|Race, everyday discrimination, and cognitive function in later life.
|Year of Publication
|Ferraro, KF, Zaborenko, CJ
|Adult, Black or African American, Cognition, ethnicity, Hispanic or Latino, Humans, Racism
Discrimination is pernicious in many ways, but there are inconsistent findings regarding whether it is harmful to cognitive function in later life. To address the inconsistency, we use two closely related concepts of everyday discrimination to predict cognitive trajectories in a diverse sample. Using data from the Health and Retirement Study (HRS), we examine whether the frequency of discrimination, measured at baseline with six questions, is related to poorer cognitive function and change in function over time (2008-2016). Age at baseline ranged from 53 to 100. Growth curve models of initial cognitive function and change in function were estimated. Everyday global discrimination was associated with poorer initial cognition and slower declines over time, and these relationships were not moderated by race and ethnicity. By contrast, the relationship between everyday racial discrimination and cognition was moderated by race: more frequent everyday racial discrimination was associated with better initial cognitive function among Black adults but not among Hispanic and White adults. Discrimination is a multifaceted concept, and specific types of discrimination manifest lower or higher cognitive function during later life for White, Black, and Hispanic adults.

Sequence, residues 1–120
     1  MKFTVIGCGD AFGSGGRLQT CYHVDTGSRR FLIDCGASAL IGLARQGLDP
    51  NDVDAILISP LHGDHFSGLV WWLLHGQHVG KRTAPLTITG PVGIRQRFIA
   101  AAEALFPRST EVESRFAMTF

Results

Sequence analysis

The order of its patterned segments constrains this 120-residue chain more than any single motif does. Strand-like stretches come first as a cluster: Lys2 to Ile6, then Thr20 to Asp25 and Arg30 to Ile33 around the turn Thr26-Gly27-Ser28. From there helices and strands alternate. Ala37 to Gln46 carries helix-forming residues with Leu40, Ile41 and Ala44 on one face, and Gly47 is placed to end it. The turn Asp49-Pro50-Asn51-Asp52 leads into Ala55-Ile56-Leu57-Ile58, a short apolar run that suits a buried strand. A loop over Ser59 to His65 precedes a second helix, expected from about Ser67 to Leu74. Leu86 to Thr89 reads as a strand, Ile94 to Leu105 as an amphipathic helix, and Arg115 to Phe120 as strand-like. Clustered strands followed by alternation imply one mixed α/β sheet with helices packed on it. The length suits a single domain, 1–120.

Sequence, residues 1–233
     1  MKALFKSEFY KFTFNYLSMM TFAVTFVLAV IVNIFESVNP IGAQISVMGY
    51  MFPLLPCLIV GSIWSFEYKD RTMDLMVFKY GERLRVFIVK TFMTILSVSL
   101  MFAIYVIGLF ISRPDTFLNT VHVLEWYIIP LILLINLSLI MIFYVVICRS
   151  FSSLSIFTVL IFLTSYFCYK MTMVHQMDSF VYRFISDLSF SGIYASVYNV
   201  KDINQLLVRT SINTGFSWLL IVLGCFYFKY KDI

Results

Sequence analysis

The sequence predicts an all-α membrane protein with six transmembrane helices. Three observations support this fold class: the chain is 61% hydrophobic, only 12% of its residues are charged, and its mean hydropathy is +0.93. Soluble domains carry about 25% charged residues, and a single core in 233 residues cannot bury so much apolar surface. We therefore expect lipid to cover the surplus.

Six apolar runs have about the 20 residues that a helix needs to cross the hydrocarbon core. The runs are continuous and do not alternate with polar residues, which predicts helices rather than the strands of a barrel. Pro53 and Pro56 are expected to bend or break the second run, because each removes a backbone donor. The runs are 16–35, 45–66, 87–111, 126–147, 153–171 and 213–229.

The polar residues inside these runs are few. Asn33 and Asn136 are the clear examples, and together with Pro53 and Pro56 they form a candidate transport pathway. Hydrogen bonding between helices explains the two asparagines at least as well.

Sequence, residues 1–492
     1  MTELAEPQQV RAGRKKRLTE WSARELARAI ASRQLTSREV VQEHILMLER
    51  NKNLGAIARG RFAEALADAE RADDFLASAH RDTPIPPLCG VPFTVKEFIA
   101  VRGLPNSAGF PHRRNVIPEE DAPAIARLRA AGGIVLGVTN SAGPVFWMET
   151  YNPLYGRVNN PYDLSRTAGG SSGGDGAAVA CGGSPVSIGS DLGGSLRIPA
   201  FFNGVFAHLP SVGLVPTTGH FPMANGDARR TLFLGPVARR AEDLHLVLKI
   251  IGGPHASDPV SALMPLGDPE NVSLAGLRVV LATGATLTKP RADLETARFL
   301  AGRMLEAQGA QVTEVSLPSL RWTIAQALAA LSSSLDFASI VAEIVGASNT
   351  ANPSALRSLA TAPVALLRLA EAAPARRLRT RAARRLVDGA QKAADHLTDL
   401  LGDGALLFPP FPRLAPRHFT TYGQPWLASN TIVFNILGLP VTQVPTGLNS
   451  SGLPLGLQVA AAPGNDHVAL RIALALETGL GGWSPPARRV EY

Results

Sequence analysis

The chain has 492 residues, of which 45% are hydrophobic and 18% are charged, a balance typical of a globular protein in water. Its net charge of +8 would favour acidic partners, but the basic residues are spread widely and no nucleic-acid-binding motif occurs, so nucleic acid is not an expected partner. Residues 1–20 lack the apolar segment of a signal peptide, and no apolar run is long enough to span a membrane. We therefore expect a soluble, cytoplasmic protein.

|PubMed Central ID
|RF1 AG043544 / AG / NIA NIH HHS / United States
RF1 AG068388 / AG / NIA NIH HHS / United States